By Jamie Stewart
“You’re very tall, aren’t you?” She said, looking up at me.
“Yes, yes I am.” And that’s all I could really manage.
Last night I met one of my literary heroes, Jeanette Winterson. As part of Manchester Literature Festival, Winterson was presenting her latest project The Gap of Time: A Winter’s Tale Retold at the Royal Exchange Theatre.
Shall I compare the to a Shakespeare play? Well the truth is, you don’t really have to. Winterson isn’t simply retelling one of Shakespeare’s plays. She’s adamant that she’s covering it. There’s enough of the characteristic jealousy and paranoia in the text as well as the original characters in The Gap of Time to recognize Shakespeare’s The Winter’s Tale. Characters like Shepherd and Clown become Shep and Clo, Leontes becomes Leo, and Autlycus becomes a second hand car salesman of a company called AUTOS LIKE US. Bohemia is New Bohemia, a small town in Louisiana, and Perdita is a foundling, left in the baby hatch of a hospital.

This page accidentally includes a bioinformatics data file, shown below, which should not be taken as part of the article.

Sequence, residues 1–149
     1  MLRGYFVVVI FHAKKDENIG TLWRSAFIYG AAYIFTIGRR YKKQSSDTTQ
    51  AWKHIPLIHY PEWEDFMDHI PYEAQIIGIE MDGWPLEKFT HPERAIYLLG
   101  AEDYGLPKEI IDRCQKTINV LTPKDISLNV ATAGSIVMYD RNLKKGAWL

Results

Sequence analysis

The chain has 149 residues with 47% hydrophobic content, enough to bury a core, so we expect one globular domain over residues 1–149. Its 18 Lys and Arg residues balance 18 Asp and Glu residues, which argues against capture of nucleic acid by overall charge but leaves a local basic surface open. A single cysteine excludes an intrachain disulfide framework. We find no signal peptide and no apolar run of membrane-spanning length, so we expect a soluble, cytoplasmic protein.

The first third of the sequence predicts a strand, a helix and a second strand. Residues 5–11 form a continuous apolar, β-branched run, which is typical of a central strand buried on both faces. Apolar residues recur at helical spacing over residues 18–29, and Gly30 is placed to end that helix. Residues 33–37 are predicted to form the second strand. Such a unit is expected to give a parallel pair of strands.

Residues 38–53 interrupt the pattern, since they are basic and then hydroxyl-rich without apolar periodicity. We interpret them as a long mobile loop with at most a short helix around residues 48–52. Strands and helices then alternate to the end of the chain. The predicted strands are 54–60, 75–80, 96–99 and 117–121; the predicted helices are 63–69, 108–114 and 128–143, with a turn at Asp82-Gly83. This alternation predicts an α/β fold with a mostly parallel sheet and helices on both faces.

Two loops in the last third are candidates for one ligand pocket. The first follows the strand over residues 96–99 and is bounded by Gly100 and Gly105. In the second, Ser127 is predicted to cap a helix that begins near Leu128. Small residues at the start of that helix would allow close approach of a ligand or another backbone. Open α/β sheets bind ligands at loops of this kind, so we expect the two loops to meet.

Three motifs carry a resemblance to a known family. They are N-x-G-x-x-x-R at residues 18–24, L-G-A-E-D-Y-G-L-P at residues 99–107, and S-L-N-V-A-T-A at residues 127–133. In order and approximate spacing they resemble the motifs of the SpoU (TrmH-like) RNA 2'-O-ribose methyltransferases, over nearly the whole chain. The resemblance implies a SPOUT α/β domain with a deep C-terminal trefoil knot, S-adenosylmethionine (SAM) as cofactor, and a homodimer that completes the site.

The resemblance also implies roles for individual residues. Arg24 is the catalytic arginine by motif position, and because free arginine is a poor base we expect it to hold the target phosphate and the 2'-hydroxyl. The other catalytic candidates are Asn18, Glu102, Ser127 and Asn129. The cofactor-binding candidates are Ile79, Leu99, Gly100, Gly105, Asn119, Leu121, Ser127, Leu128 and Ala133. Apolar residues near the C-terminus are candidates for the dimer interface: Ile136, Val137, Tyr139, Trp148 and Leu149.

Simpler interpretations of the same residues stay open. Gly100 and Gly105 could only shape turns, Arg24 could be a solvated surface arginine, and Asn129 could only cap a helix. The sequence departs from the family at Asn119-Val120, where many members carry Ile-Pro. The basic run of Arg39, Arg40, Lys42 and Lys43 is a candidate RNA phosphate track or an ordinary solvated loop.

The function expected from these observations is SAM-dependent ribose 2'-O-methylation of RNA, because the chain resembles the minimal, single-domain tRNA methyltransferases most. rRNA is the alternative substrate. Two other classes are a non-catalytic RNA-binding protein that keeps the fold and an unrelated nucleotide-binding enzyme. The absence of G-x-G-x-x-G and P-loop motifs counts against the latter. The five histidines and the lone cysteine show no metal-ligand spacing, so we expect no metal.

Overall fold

The story goes like this: Leo, a successful hedge fund manager becomes increasingly paranoid and convinced that MiMi, his pregnant wife is having an affair. Leo, believing the newborn isn’t his, sends the baby away. Leo’s paranoia leads to the death of his first son, Mio, while his daughter Perdita, grows up innocently unaware of her connections to her tyrannical father. Many years after, Perdita and her father are reunited, and he redeems himself.
Although Winterson’s cover version varies from the original text, the essence of the story remains the same, forgiveness and second chances are an essential component of moving forward.
Talking about The Gap of Time, she said, “…Other than the typical, happy Hollywood ending, and we will forget that ending, narrative only really has three other endings: forgiveness, tragedy and revenge. Revenge and tragedy usually go hand in hand, and that leaves us with forgiveness.”
Winterson’s cover version is part of a larger project aiming to re-imagine and reintroduce the Shakespearean canon for a 21st century audience. The Hogarth Shakespeare Series is to coincide with the 400th Anniversary of the Bard’s death next April. Winterson joins Anne Tyler who is taking on The Taming of the Shrew, Margaret Attwood who has selected The Tempest, and Howard Jacobson who has chosen The Merchant of Venice.
The Gap of Time is a compelling read and, much like any performance of Shakespeare’s plays is best devoured in a single sitting, fully and swallowed whole.
Jamie is from Manchester and likes reading, writing, eating and baking. You can find Jamie in a coffee shop or the library.